0

I'm using the Vue.js library Vuetify to add a few text field components inside on a component that I create. In order to provide input validation I would like to capture the hasError property of the text field components. I know the path of the property is: this.$children[3]._computedWatchers.hasError.active. But I would like to know if there is another way to access theses properties. Maybe I'm missing something?

 <template>
  <div class="register">
    <form>
      <div>
        <v-text-field name="new-user-email"
                      label="Email"
                      type="email"
                      single-line
                      required></v-text-field>
      </div>
      <div>
        <v-text-field name="user-user-password"
                      label="Password"
                      type="password"
                      single-line
                      required>
        </v-text-field>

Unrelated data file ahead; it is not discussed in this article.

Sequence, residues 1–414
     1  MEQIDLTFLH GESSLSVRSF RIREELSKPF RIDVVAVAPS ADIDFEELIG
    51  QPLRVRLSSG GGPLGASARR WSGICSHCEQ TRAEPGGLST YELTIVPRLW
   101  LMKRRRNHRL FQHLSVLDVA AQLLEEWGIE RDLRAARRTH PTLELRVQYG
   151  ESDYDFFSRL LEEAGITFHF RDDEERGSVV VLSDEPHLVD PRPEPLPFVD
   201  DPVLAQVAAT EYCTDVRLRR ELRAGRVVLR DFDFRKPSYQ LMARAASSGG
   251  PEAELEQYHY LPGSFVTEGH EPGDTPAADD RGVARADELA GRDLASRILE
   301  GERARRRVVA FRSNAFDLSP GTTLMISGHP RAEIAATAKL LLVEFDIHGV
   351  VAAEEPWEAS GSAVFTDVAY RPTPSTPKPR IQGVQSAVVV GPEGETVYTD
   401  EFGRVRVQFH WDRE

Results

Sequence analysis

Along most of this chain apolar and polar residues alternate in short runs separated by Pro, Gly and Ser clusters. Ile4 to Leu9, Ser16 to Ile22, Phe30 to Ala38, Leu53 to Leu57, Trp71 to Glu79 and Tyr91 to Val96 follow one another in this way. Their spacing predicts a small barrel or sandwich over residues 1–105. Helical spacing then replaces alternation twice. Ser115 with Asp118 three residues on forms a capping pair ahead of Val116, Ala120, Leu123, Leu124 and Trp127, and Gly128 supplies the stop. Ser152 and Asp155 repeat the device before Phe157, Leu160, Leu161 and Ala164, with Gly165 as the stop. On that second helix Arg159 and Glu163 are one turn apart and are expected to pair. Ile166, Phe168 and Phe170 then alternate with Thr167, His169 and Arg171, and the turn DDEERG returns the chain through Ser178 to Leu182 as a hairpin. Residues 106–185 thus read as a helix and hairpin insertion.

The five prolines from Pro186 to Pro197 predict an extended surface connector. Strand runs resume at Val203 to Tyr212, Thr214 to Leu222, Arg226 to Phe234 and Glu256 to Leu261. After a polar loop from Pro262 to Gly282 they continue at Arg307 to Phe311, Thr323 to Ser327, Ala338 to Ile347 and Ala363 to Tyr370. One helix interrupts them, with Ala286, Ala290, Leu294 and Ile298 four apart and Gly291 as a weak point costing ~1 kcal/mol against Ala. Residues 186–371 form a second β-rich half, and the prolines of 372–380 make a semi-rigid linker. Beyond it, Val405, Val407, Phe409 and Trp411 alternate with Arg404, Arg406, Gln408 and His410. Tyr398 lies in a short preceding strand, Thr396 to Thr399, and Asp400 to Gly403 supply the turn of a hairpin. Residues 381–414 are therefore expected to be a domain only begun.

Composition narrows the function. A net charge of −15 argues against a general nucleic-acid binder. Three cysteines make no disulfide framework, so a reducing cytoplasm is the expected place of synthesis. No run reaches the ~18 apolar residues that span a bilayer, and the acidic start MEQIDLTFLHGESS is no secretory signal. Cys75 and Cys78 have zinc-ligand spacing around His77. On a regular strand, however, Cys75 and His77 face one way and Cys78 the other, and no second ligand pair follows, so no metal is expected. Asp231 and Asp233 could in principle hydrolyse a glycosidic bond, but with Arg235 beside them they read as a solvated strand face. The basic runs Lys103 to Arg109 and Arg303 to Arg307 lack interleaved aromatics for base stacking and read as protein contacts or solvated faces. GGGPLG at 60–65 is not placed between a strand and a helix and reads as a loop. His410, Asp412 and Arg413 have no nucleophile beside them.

</div>
      <div>
        <v-text-field name="new-user-password-confirmation"
                      label="Confirm Password"
                      type="password"
                      single-line
                      required>
        </v-text-field>
      </div>
      <div @click="registerNewUser">
        <v-btn>Register</v-btn>
      </div>
    </form>
  </div>
</template>

<script>
export default {
  name: 'register-new-user',
  data() {
    return {
      checked: false
    };
  },
  methods: {
    registerNewUser() {
      console.log(this.$children[3]._computedWatchers.hasError.active)
      console.log('Register a new user')
    }
  }
};
</script>
2

Add a ref attribute to the v-text-field component like this:

<v-text-field 
  ref="password-confirmation"
  name="new-user-password-confirmation"
  label="Confirm Password"
  type="password"
  single-line
  required
></v-text-field>

Then you can reference the VueComponent instance of the Vuetify text field component (along with its properties and methods) like so:

methods: {
  registerNewUser() {
    console.log(this.$refs['password-confirmation'].hasError)
  }
}

Here's documentation on refs.

  • Excellent, that was exactly what I was looking for. Thanks a lot. – James Apr 7 '17 at 17:08
  • For some reason using ...hasError.active produce an undefined error. hasError just works. – James Apr 7 '17 at 17:22
  • 1
    Yeah it would just be the property name. I updated the answer – thanksd Apr 7 '17 at 17:25

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